**Simple linear regression** is a statistical method you can use to understand the relationship between two variables, x and y.

One variable, **x**, is known as the **predictor variable**.

The other variable, **y**, is known as the **response variable**.

For example, suppose we have the following dataset with the weight and height of seven individuals:

Let *weight *be the predictor variable and let *height *be the response variable.

If we graph these two variables using a scatterplot, with weight on the x-axis and height on the y-axis, here’s what it would look like:

Suppose we’re interested in understanding the relationship between weight and height. From the scatterplot we can clearly see that as weight increases, height tends to increase as well, but to actually *quantify *this relationship between weight and height, we need to use linear regression.

Using linear regression, we can find the line that best “fits” our data. This line is known as the **least squares regression line **and it can be used to help us understand the relationships between weight and height. Usually you would use software like Microsoft Excel, SPSS, or a graphing calculator to actually find the equation for this line.

The formula for the line of best fit is written as:

ŷ = b_{0} + b_{1}x

where ŷ is the predicted value of the response variable, b_{0} is the y-intercept, b_{1} is the regression coefficient, and x is the value of the predictor variable.

**Related: **4 Examples of Using Linear Regression in Real Life

**Finding the “Line of Best Fit”**

For this example, we can simply plug our data into the Statology Linear Regression Calculator and hit *Calculate*:

The calculator automatically finds the **least squares regression line**:

ŷ = 32.7830 + 0.2001x

If we zoom out on our scatterplot from earlier and added this line to the chart, here’s what it would look like:

Notice how our data points are scattered closely around this line. That’s because this least squares regression lines is the best fitting line for our data out of all the possible lines we could draw.

**How to Interpret a Least Squares Regression Line**

Here is how to interpret this least squares regression line: ŷ = 32.7830 + 0.2001x

**b _{0} = 32.7830**. This means when the predictor variable

*weight*is zero pounds, the predicted height is 32.7830 inches. Sometimes the value for b

_{0}can be useful to know, but in this specific example it doesn’t actually make sense to interpret b

_{0}since a person can’t weight zero pounds.

**b _{1 }= 0.2001**. This means that a one unit increase in

*x*is associated with a 0.2001 unit increase in

*y*. In this case, a one pound increase in weight is associated with a 0.2001 inch increase in height.

**How to Use the Least Squares Regression Line**

Using this least squares regression line, we can answer questions like:

*For a person who weighs 170 pounds, how tall would we expect them to be?*

To answer this, we can simply plug in 170 into our regression line for x and solve for y:

ŷ = 32.7830 + 0.2001(170) = **66.8 inches**

*For a person who weighs 150 pounds, how tall would we expect them to be?*

To answer this, we can plug in 150 into our regression line for x and solve for y:

ŷ = 32.7830 + 0.2001(150) = **62.798 inches**

**Caution:** *When using a regression equation to answer questions like these, make sure you only use values for the predictor variable that are within the range of the predictor variable in the original dataset we used to generate the least squares regression line. For example, the weights in our dataset ranged from 140 lbs to 212 lbs, so it only makes sense to answer questions about predicted height when the weight is between 140 lbs and 212 lbs.*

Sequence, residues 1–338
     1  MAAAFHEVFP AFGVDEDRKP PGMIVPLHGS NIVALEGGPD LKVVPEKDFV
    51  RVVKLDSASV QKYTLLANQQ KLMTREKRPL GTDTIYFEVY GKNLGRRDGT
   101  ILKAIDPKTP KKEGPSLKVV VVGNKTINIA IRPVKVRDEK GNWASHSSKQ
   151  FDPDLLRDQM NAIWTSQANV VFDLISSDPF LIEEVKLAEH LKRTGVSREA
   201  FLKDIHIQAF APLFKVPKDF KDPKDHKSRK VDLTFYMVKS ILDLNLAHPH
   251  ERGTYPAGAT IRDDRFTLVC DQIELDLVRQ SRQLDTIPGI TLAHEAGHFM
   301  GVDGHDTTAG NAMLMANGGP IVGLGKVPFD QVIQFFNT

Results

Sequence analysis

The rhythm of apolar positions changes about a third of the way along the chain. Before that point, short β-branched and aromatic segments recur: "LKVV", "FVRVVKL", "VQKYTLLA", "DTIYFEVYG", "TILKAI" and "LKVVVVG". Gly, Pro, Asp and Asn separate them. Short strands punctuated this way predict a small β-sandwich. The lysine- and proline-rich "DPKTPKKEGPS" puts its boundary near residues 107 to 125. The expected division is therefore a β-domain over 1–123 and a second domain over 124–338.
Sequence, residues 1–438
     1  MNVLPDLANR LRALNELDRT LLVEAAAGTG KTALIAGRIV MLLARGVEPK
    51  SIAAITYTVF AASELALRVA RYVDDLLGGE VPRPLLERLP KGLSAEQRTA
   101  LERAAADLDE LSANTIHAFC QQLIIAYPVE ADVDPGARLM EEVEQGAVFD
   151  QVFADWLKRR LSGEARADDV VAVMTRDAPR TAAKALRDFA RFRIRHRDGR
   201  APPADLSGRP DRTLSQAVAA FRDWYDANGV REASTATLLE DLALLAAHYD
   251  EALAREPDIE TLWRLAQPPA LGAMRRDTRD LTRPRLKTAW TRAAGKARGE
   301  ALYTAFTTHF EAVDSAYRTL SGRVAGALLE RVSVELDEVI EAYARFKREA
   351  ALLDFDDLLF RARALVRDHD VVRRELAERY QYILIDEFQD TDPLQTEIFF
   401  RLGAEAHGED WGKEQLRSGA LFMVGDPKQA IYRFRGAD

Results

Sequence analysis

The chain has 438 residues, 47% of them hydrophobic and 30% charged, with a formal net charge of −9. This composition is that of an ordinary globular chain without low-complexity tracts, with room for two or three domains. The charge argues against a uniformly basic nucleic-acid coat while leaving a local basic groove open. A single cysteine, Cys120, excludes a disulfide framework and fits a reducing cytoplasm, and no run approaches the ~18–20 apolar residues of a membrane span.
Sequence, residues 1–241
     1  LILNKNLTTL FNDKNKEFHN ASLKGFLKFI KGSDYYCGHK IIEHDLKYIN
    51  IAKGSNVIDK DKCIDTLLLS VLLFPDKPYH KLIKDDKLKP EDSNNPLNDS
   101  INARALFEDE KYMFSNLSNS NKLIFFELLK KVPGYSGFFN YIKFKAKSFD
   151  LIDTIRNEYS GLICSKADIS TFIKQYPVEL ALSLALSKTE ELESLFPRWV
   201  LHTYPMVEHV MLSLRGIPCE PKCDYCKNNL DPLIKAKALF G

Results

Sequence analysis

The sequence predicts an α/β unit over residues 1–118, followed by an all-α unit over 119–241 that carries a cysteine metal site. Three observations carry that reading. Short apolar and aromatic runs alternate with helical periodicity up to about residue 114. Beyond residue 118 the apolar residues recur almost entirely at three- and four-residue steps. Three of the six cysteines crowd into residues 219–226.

**The Coefficient of Determination**

One way to measure how well the least squares regression line “fits” the data is using the **coefficient of determination**, denoted as R^{2}.

The coefficient of determination is the proportion of the variance in the response variable that can be explained by the predictor variable.

The coefficient of determination can range from 0 to 1. A value of 0 indicates that the response variable cannot be explained by the predictor variable at all. A value of 1 indicates that the response variable can be perfectly explained without error by the predictor variable.

An R^{2 }between 0 and 1 indicates just how well the response variable can be explained by the predictor variable. For example, an R^{2 }of 0.2 indicates that 20% of the variance in the response variable can be explained by the predictor variable; an R^{2 }of 0.77 indicates that 77% of the variance in the response variable can be explained by the predictor variable.

Notice in our output from earlier we got an R^{2 }of 0.9311, which indicates that 93.11% of the variability in height can be explained by the predictor variable of weight:

This tells us that weight is a very good predictor of height.

**Conditions for Linear Regression**

We just saw how to conduct a simple linear regression analysis as well as how to interpret the output of a regression line. However, before we can conduct a linear regression analysis, we first need to make sure the following conditions are met:

- The response variable has a linear relationship with the predictor variable. One simple way to check this is to make a scatterplot of the two variables like we did at the beginning of this post. As long as it appears there is a linear relationship between the two variables (i.e. the dots on the scatterplot could fit reasonably around a straight line).
- For each value of X, Y has the same standard deviation.
- For any given value of X, the Y values are independent and roughly normally distributed.

As long as these conditions are met, it’s safe to proceed with simple linear regression.